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Student Profile: Justin Zahradka

Justin Zahradka will graduate in May with a B.S. in Crop and Weed Sciences and will enter the working world with a huge log of practical experience and good memories of many activities in the Department of Plant Sciences.
 
 

April 6, 2016

Justin Zahradka will graduate in May with a B.S. in Crop and Weed Sciences and will enter the working world with a huge log of practical experience. While a student at North Dakota State University, he participated in many student groups and National FFA, worked summers at Huso Crop Consulting in Lakota, ND, grew a cattle business from 20 to 173 steers at his home farmstead in Lawton, ND, and was selected to participate in United States Department of Agriculture Natural Resources Conservation Service research projects on various cover crops used as cattle feed.

Zahradka chose to major in Crop and Weed Sciences because it fit well with his already established livestock and crop production operation. His favorite Department of Plant Sciences courses and instructors were Principles of Weed Science and Advanced Weed Science, taught by his major adviser Dr. Kirk Howatt and Principles of Forage Production, taught by Dr. Marisol Berti. He also especially enjoyed the Introduction to Soil Science class taught by Dr. Jay Goos, which led him to minor in soil science. Courses in the Department of Animal Sciences complimented his growing cattle business and his favorites were Growing/Finishing Cattle, taught by Dr. Marc Bauer, and Fundamentals of Meat Processing, taught by Mr. Spencer Wirt.

Howatt commented that "Justin has always been very involved in his education as well as his professional development and was active in several organizations, including the Agronomy Club.”  Zahradka says he is amazed at the opportunities he’s had participating in the Agronomy Club. He said, “I have been able to meet lifelong friends, travel, listen to guest speakers, and become aware of what is possible in the future of agriculture.” The team just won 3rd place in a meet at Kansas State University and will be competing in the National Competition in Crookston, MN in April. Howatt advises the Agronomy Club.

Zahradka also participated in Alpha Gamma Rho Fraternity, the College of Agriculture, Food Systems and Natural Resources Ag Ambassadors, the Saddle and Sirloin Club, and Collegiate Farm Bureau. He currently serves as President of Ag Ambassadors, has served as a State FFA Officer and was named National FFA American Star in Agriscience in October 2015.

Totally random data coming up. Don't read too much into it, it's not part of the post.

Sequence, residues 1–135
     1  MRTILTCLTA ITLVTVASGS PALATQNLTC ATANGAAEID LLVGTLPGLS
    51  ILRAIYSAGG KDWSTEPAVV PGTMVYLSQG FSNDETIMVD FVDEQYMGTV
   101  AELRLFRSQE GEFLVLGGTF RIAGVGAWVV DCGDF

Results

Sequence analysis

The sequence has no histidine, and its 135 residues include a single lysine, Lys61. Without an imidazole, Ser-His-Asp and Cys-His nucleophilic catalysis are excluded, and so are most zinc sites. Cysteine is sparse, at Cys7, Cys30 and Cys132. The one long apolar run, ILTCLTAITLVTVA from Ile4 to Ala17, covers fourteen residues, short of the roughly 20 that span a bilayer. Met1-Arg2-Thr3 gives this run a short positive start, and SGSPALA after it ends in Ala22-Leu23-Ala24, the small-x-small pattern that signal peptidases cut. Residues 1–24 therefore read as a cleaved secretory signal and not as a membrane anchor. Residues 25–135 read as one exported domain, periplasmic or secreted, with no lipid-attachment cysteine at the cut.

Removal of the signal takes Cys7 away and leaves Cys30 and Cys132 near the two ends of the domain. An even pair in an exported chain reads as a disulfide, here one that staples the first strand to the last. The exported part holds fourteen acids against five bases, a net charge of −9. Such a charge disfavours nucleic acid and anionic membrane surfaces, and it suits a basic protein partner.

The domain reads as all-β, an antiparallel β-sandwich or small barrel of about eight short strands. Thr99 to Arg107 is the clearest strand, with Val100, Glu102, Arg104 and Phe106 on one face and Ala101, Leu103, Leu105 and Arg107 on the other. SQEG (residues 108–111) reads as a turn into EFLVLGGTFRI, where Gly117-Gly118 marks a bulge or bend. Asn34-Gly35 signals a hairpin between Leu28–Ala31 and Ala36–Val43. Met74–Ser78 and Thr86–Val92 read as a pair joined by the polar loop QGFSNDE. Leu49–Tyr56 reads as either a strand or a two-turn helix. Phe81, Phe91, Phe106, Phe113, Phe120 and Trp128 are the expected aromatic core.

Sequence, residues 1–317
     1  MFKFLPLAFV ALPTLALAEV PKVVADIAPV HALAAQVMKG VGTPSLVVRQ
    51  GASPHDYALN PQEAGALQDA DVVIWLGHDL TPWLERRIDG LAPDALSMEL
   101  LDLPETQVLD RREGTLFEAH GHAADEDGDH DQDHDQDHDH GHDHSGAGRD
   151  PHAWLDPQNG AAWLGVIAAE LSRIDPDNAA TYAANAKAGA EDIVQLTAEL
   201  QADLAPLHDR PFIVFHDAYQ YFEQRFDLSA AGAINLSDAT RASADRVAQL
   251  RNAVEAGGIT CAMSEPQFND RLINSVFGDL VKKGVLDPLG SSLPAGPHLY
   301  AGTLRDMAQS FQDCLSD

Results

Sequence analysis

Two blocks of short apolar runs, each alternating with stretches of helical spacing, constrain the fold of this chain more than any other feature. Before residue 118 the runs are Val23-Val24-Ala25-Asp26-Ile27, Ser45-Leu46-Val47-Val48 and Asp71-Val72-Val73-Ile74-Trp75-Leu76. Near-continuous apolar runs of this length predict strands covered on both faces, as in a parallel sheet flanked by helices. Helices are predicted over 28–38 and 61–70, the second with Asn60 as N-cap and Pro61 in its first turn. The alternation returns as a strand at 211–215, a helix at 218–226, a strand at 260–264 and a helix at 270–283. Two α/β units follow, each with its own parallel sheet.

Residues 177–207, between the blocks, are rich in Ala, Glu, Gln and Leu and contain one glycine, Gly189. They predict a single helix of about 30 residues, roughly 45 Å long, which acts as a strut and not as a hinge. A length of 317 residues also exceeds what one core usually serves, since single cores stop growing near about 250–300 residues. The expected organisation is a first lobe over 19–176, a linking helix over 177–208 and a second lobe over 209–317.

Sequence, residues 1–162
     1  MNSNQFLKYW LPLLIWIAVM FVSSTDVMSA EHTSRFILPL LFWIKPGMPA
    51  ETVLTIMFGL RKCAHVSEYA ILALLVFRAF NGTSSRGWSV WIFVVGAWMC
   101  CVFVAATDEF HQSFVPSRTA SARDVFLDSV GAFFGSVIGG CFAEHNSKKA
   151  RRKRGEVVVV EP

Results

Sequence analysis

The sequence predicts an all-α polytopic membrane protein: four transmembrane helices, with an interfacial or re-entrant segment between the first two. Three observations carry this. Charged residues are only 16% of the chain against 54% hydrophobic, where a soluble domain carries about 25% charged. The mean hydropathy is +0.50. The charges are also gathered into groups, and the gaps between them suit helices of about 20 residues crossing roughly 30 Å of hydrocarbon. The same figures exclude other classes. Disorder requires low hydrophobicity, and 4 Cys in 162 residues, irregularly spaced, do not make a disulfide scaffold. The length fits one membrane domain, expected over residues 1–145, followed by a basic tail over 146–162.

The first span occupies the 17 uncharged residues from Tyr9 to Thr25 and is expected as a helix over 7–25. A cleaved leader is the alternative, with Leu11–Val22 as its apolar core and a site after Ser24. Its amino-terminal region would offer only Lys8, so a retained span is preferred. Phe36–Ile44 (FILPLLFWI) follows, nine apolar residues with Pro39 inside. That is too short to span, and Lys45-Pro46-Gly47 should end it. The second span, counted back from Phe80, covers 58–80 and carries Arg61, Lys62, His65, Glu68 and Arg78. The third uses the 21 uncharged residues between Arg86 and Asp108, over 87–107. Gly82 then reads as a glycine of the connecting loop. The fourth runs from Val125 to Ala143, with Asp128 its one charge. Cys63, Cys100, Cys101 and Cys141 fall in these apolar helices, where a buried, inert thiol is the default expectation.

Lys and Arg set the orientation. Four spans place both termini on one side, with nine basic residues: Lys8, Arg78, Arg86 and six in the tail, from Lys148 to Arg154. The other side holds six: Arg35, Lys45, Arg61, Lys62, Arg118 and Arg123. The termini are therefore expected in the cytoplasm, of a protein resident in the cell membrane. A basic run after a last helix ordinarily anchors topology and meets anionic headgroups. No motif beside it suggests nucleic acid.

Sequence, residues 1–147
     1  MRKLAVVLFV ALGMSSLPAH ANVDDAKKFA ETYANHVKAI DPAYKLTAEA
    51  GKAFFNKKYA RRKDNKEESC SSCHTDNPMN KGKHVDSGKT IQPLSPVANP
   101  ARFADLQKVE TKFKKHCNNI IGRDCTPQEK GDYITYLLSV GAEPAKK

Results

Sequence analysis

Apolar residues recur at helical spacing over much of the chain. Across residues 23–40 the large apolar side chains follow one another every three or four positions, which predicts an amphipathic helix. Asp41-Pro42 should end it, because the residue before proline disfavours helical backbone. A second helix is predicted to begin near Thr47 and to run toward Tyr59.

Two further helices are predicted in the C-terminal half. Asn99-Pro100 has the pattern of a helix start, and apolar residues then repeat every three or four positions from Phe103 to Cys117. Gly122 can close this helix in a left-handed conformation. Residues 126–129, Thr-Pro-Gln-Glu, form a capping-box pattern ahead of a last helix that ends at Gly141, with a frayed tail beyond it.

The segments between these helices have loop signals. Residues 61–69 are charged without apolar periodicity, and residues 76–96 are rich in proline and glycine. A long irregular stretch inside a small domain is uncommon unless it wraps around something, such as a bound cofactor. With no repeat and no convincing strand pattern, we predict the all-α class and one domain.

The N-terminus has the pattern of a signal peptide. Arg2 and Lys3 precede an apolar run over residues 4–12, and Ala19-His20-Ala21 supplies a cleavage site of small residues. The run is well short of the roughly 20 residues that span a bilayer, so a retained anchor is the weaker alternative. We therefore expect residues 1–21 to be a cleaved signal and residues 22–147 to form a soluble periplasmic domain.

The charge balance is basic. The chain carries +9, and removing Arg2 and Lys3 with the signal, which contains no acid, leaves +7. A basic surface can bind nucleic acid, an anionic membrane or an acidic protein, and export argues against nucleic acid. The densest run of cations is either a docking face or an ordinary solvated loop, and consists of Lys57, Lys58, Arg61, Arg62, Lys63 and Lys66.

After graduation he plans to return to his hometown and work for Midwest Consulting in Park River, ND as a crop production consultant. He will continue to expand his farming operation producing wheat, canola and cover crops and continue background feeding cattle and add a custom grazing component to his operation.

He has been recognized as a Farm Credit 100 Fresh Perspectives national honoree and his livestock production operation was used by the North Dakota Department of Agriculture to promote livestock production in North Dakota. He also serves on the North Dakota Sustainable Agriculture Research and Education Advisory Board and has presented his cover crop research at soil health, grazing and cover crop workshops all over North Dakota.

Last summer Zahradka was featured in the Producer Progress Report series, a regular feature of the Farm and Ranch Guide. He said the experience was very satisfying and appreciates the opportunity to share his cover crop research findings, which he hopes will help others improve their farming operations. “It is exciting that young farmers with innovative ideas can truly make a difference,” he said. The series was written by Dale Hildebrandt.

Zahradka’s advice to students entering NDSU and planning to study in the Department of Plant Sciences is, “Give everything a try; try lots of new activities and drop those you don’t like.”

He says he will miss the friendly instructors and students and the comradery of the down-to-earth people in the department. He enjoyed sharing common goals with friends in organizations and the challenge to learn to understand points of view different from his. He enjoyed being challenged and thinking on the “cutting edge” in the college environment. He says that the Department of Plant Sciences has a great atmosphere and created a sense of family that he will miss.

Author: Karen Hertsgaard, 701-231-5384,
Editor: Kamie Beeson, 701-231-7123,

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